WASHINGTON (Reuters) - Lax trade restrictions and high sugar prices should allow the United States to overtake Brazil in ethanol exports during the second half of 2011, the U.S. Energy Information Administration said on Wednesday.
During the first five months of 2011 U.S. ethanol exports more than doubled from the same period last year, the EIA said.
“For the remainder of 2011, it is likely that the United States will surpass Brazil as the world’s largest ethanol exporter due to recent supply shortages and resulting high sugar prices in Brazil,” the EIA said in its weekly petroleum report.
With U.S. corn-based ethanol relatively less expensive, U.S. ethanol producers have been able to supply markets that previously imported Brazilian ethanol.
U.S. producers have also benefited from Brazil eliminating its 20 percent import duty through 2011 and lower European tariffs on ethanol blended with gasoline.
Looking past this year, U.S. state and federal policies may lead to more imports of Brazilian sugarcane ethanol, the EIA said.
California’s Low Carbon Fuel Standard would place a much lower carbon value on sugarcane ethanol than corn ethanol, providing refiners with an incentive to use more of the Brazilian fuel.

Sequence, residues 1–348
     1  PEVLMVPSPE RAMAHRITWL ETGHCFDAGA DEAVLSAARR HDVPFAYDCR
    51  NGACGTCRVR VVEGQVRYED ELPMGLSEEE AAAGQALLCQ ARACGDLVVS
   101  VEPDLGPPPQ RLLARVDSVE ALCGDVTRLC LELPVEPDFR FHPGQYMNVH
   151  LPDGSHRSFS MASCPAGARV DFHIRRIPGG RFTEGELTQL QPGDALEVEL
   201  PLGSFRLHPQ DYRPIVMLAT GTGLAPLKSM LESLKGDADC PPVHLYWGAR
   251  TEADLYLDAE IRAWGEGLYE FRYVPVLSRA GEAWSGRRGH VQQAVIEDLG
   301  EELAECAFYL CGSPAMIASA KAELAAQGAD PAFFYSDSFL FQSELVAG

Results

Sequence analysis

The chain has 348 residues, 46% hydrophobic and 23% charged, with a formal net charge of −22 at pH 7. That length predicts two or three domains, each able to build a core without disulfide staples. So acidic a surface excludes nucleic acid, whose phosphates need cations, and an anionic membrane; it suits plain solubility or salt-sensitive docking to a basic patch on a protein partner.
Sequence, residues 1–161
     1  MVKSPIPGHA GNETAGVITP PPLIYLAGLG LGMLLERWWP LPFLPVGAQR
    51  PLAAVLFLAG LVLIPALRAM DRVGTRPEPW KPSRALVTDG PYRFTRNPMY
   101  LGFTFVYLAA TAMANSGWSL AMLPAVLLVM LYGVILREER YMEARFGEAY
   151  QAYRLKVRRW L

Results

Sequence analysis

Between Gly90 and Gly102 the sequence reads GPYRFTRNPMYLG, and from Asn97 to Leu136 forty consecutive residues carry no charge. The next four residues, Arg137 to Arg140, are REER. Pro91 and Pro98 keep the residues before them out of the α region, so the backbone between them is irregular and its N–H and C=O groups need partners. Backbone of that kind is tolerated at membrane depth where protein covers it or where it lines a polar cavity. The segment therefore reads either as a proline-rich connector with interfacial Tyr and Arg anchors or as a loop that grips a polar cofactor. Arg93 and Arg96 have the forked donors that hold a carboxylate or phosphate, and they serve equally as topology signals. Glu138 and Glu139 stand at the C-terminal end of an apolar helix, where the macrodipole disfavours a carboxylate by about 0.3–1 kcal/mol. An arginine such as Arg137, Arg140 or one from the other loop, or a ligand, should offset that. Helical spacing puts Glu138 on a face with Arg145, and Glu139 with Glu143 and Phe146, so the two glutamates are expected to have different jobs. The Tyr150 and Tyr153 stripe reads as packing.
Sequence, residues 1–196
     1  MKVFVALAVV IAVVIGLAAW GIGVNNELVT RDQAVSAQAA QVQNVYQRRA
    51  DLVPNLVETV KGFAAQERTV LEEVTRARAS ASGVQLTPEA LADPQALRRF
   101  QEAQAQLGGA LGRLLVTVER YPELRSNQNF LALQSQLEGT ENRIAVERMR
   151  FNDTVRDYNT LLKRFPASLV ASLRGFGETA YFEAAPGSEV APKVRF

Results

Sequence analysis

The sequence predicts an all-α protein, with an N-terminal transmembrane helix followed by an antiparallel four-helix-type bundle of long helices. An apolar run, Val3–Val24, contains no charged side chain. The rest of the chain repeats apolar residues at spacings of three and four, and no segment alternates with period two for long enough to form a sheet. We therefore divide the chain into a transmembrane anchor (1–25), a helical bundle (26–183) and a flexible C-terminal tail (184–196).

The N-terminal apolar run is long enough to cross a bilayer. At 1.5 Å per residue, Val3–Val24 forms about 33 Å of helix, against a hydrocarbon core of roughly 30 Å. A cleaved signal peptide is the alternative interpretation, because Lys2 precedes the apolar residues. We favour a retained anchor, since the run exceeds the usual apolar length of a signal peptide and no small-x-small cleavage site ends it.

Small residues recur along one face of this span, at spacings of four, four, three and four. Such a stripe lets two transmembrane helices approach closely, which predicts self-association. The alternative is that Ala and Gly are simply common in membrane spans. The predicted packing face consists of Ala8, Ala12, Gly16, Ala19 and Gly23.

The federal renewable fuel mandate also classifies sugarcane ethanol as an advanced biofuel. With production of cellulosic ethanol, another form of advanced biofuels, unlikely to meet the federal targets in the near future, Brazilian ethanol could fill that gap, the EIA said.
“In this context, it is not hard to envision a scenario in which the United States continues to export corn-based ethanol to Brazil while at the same time importing sugarcane ethanol from Brazil to comply with California LCFS and Federal RFS requirements,” the EIA said.
Another factor affecting U.S. ethanol trade will be the ability of the domestic market to consume higher blends of ethanol in gasoline.
While the Environmental Protection Agency has increased the maximum blend rate in gasoline to 15 percent from 10 percent in vehicles built after 2000, logistical and legal hurdles have prevented widespread sales.
The sale of E85, a blend with 85 percent ethanol and 15 percent gasoline, has also lagged due to a limited number of flex-fuel vehicles and a limited availability of E85 fueling pumps.
If these blends are able to overcome these hurdles, E15 will “likely to be a more economically attractive market to domestic ethanol producers,” the EIA said.
Editing by Bob Burgdorfer, Sofina Mirza-Reid and David Gregorio